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FROM CANYON TO COVE: Dream of a new ‘Boom’ still alive

Laguna’s gay activist Fred Karger may be entitled to a little “schadenfreude” — translation, enjoyment of another’s misfortune — in the AIG mess.

That’s because Karger’s nemesis, Steven Udvar-Hazy, is a major shareholder at AIG and his airplane leasing division — formerly the proverbial “cash cow” of the company — is now cash poor and may be going begging to stay in business.

And Karger has a deal for him: make some quick bucks by selling the Coast Inn and Boom Boom Room.

Karger has been fighting to save the iconic — now shuttered — gay bar where Rock Hudson hung out with other celebrities in the closeted ’50s and ’60s. The bar was around since the 1920s and is believed to have been the oldest continuously operating gay bar in the state, if not west of the Mississippi.

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Udvar-Hazy purchased the site and Coast Liquor, with its Gay Mart nearby, as well as a residential property, a couple of years ago when the real estate market was over-the-top. The Boom Boom Room — already on its last legs — was closed a year later, and the last major piece of Laguna’s historic gay area went bye-bye. You can find most of it relocated to the desert at Palm Springs — where the famed Dinah Shore lesbian confab swings into high gear this weekend — but it’s just not the same as the ocean-breeze-filled Boom.

Apparently, Udvar-Hazy has set his sights on purging Laguna of its gay identity: He closed the Boom, never opened anything else there, announced that his plans for the property will definitely NOT include a bar or restaurant — and to add insult to injury his son donated $1,000 to the campaign for Proposition 8, the same-sex marriage ban.

At some point, Udvar-Hazy put the property back on the market after a meeting with city officials didn’t end with support for some ambitious redevelopment plan. Karger says he brought Udvar-Hazy well-qualified — translation: well-heeled — suitors willing to fork over enough to buy the place outright. But the bazillionaire (or former bazillionaire) hemmed and hawed and eventually declined to sell to these parties — who promised to reopen the Boom as a gay establishment.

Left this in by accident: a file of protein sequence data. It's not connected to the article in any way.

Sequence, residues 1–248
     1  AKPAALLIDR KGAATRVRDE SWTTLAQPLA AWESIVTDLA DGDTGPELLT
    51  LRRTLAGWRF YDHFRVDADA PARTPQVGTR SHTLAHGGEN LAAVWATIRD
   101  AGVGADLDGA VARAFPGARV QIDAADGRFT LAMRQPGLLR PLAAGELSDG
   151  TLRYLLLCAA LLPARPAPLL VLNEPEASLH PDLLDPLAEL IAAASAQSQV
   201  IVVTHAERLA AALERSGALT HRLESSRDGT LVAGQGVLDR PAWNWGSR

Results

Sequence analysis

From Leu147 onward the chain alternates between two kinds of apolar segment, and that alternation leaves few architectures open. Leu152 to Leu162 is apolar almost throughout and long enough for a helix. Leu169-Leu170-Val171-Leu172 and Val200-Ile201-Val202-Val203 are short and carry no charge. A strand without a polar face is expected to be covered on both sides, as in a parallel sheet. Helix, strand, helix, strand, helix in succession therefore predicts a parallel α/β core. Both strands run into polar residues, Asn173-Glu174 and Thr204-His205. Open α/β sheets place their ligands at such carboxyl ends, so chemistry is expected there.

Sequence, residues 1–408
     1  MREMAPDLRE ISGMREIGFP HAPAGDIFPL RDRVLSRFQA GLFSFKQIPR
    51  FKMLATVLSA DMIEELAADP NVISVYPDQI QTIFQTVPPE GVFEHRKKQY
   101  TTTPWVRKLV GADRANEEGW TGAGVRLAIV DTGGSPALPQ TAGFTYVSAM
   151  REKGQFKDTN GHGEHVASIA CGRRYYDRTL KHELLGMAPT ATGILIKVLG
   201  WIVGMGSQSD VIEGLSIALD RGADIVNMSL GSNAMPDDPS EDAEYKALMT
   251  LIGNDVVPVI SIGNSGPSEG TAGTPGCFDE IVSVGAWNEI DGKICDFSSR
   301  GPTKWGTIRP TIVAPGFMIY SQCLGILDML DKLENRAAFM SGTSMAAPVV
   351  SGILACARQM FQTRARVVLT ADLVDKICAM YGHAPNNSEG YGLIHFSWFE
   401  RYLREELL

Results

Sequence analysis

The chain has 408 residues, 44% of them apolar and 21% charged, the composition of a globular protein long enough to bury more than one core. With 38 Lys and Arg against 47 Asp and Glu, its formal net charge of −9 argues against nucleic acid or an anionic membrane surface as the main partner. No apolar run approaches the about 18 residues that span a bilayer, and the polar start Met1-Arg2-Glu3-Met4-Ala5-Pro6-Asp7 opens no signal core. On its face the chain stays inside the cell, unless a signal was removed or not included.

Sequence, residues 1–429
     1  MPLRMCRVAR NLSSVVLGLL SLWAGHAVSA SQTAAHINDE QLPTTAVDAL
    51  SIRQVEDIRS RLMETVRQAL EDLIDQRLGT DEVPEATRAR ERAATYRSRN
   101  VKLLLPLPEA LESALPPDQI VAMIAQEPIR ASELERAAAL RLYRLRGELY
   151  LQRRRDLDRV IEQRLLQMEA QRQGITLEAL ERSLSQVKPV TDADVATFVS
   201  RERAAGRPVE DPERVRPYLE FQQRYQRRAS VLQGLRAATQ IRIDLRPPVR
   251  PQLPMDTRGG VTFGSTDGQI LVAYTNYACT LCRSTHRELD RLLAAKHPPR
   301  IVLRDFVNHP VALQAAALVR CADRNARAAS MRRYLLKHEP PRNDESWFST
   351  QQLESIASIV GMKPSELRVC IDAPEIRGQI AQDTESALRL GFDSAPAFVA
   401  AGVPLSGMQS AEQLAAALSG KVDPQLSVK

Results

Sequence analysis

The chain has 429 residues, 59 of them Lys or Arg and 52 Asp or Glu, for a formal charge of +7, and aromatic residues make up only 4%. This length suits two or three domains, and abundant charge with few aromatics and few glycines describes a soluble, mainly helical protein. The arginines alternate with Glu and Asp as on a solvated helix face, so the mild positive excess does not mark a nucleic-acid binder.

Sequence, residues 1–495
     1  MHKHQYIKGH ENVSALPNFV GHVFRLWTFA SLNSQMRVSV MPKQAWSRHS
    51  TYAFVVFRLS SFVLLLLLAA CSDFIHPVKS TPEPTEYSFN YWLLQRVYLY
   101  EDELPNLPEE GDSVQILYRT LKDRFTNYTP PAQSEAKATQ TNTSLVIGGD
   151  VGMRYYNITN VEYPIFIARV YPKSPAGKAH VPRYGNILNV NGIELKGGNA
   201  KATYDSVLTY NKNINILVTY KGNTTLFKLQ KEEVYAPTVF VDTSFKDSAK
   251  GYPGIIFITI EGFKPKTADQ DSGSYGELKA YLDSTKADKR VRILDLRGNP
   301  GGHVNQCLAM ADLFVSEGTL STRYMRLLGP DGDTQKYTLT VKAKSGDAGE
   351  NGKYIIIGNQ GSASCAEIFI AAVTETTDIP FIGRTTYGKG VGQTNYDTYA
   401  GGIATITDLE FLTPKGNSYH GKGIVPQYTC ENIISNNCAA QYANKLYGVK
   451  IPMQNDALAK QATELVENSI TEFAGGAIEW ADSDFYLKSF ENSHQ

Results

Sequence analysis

One thing (fighting to save the Boom) led to another (fighting the same-sex marriage initiative), and Karger, a “retired” Republican political consultant, is now leading the charge against the Mormon Church’s support for Proposition 8. Somehow, Karger got hold of some secret high-level Mormon documents and is in the process of blowing the lid off what he sees as a possible conspiracy by the church to secretly buy the election in violation of Fair Political Practices Commission rules. “Mormongate,” as the affair is being called due to its “deep throat” characters, is a twisted tale of coverups and religious zealotry that will make a good read when it can be reported.

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But I digress.

Plans for a beautiful restoration of the historic Coast Inn are slowly wending their way through the city bureaucracy. They were sent back for revisions in October and there’s no telling when the plans will be approved.

Enter Karger with a new, and improbable, funding source: the State of California.

The resourceful Karger has discovered a pot of money dispensed under the jurisdiction of the secretary of Business, Transportation and Housing. The California Infrastructure and Economic Development Bank has millions sitting around waiting for worthy projects, including historic restorations, to benefit communities.

And why not use some of it to benefit Laguna’s gay community and restore the city’s preeminence as a gay resort?

He’s already made contact with the secretary, who indicated interest, and if he can get city officials on board, the Coast Inn and Boom Boom Room could be restored using the very plans now in the process of revision. Of course, there would be one caveat: a gay bar would be part of the project.

The Boom could revitalize a neglected but lucrative segment of the visitor population to Laguna Beach, which was snubbed last summer by our own Conference and Visitors Bureau, which declined to promote the city as a same-sex wedding destination despite the obvious benefits.

A gay and lesbian cultural center in Laguna Beach would provide a way station for visitors and keep the historic culture of the city intact, and there’s no better place for it than the Boom Boom Room.

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“Dinah” west, anyone?


CINDY FRAZIER is city editor of the Coastline Pilot. She can be contacted at (949) 380-4321 or cindy.frazier@latimes.com.


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